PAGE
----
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DIY First-aid: What You Need & When to Use It

DIY First-aid: What You Need & When to Use It

Written by SMH Copywriter Phil Lederer

When you need urgent or emergency care, your best bet is to leave it to the professionals. But when illness is mild or those bumps and bruises don’t amount to a doctor visit, DIY at-home treatment may be enough — if you’re prepared.

Maintaining a fully stocked first-aid kit is a must for every household — as is knowing when to treat at home, when to head to an urgent care center and when to call 9-1-1. Having the right supplies at home also means you can offer help until first-responders arrive. 

A comprehensive, at-home kit should include first-aid supplies as well as emergency basics — those items you’d want in the event of a natural disaster like a hurricane or tornado — so that you can respond effectively, no matter the situation.

We reached out to Sarasota Memorial’s Trauma Services Injury Prevention Coordinator Susan Williams, RN, BSN, and pediatric hospitalist Jessie L. Hoang, MD, for their take on first-aid/emergency kit must-haves. Here are their recommendations. 

Unsure about Seeking Medical Care During the COVID-19 Pandemic?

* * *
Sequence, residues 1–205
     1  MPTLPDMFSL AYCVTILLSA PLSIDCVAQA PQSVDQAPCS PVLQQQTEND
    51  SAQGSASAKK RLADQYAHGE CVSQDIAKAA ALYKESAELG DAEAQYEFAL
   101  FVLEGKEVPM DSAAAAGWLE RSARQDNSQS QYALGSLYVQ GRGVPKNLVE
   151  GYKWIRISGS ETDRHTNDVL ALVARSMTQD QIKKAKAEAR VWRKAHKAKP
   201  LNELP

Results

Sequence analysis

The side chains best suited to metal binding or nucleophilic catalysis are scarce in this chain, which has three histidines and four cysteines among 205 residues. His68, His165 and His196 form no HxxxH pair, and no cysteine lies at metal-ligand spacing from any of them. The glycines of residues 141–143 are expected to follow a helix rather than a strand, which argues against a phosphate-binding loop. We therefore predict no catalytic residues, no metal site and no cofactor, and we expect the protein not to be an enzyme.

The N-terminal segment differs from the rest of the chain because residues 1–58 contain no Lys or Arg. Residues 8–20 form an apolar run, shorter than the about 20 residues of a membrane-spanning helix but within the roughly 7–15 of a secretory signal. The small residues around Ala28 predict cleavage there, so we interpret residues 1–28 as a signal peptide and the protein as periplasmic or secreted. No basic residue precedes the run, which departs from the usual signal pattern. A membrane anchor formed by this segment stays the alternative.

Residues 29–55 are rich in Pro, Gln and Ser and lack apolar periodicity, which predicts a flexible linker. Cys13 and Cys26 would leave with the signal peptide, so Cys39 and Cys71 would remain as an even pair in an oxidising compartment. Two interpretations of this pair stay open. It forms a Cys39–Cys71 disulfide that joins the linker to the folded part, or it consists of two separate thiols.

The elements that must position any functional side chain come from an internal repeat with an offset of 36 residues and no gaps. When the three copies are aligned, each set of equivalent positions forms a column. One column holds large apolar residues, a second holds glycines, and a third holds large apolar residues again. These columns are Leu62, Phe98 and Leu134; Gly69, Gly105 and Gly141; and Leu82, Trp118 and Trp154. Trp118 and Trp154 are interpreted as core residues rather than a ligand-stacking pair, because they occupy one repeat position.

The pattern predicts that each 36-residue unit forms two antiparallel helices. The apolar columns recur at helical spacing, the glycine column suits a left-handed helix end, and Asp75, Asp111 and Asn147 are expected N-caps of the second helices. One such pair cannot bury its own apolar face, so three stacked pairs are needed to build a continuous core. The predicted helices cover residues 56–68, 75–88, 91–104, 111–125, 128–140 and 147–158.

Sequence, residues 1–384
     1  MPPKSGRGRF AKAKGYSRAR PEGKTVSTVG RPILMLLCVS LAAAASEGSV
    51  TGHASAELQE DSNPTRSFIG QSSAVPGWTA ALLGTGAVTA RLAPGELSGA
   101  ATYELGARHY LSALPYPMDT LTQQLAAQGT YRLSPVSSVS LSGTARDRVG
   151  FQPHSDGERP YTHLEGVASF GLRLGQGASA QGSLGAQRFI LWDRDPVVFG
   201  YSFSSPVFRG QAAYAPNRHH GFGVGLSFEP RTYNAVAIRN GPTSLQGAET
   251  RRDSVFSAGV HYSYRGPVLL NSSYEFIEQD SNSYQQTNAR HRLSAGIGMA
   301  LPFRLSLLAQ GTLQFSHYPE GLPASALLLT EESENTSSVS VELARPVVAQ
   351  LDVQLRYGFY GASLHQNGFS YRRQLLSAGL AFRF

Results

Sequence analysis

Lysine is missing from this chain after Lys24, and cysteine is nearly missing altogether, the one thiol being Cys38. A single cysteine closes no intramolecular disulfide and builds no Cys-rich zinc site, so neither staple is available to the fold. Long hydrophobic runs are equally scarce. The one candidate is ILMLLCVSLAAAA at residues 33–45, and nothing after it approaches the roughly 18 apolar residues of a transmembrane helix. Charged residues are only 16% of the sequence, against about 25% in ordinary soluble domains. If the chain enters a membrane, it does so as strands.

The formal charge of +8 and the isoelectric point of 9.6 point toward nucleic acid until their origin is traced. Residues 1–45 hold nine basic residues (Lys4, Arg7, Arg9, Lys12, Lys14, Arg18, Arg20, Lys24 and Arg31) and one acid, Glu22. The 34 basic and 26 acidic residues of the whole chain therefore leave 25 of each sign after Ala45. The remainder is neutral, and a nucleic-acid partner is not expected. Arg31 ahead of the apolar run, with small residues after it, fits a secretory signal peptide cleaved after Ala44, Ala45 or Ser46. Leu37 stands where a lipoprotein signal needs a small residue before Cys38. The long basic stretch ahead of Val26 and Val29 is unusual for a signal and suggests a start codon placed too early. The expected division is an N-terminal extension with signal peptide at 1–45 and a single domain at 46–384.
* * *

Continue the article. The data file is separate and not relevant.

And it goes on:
With concerns over COVID-19 ever-present, many are hesitant to go to the doctor’s office, hospital or care center — even when they really need to. It’s important to know that these facilities are following strict infection control and screening protocols so they can continue to safely care for patients.

It is safe to seek care right now — in fact, forgoing care may actually be more detrimental to your health in some case than any potential risk of exposure.

Stocking Your At-home First-aid Kit

In addition to the supplies listed below, your emergency/disaster kit ideally will also include medical consent forms, a medical history and current medications list for each member of the household. It should also have a list of emergency phone numbers, including contact information for family doctors, local emergency services and the poison helpline (800-222-1222).

Bandages & Dressings
Your at-home care kit should include bandages and dressings for any possible injury. This mean stocking more than just materials for open wounds. Be sure to include supplies for sterilizing injury sites and treating burns, abrasions and other irritations as well — and know how to use them. (See “Resources & More SMH Expert Tips” below.)

  • Distilled water for cleaning wounds
  • Hydrogen peroxide
  • Cotton balls or swabs
  • Antiseptic wipes
  • Triple antibiotic ointment
  • Hydrocortisone cream
  • Sting relief spray or ointment
  • Anesthetic spray
  • Several adhesive bandages (Band-Aids) in multiple sizes
  • 4x4 dressing pads
  • Sterile, rolled gauze (3- and 4-inch size)
  • ACE bandages
  • A cloth triangle to make a sling (a towel will do)
  • Cloth first-aid tape
  • Safety pins of various sizes
  • Instant cold pack
  • Resealable plastic bags for making ice packs

DIY First Aid Kit, Disaster KitBasic Emergency/Disaster Supplies

  • Flashlight with extra batteries
  • Cell phone with solar charger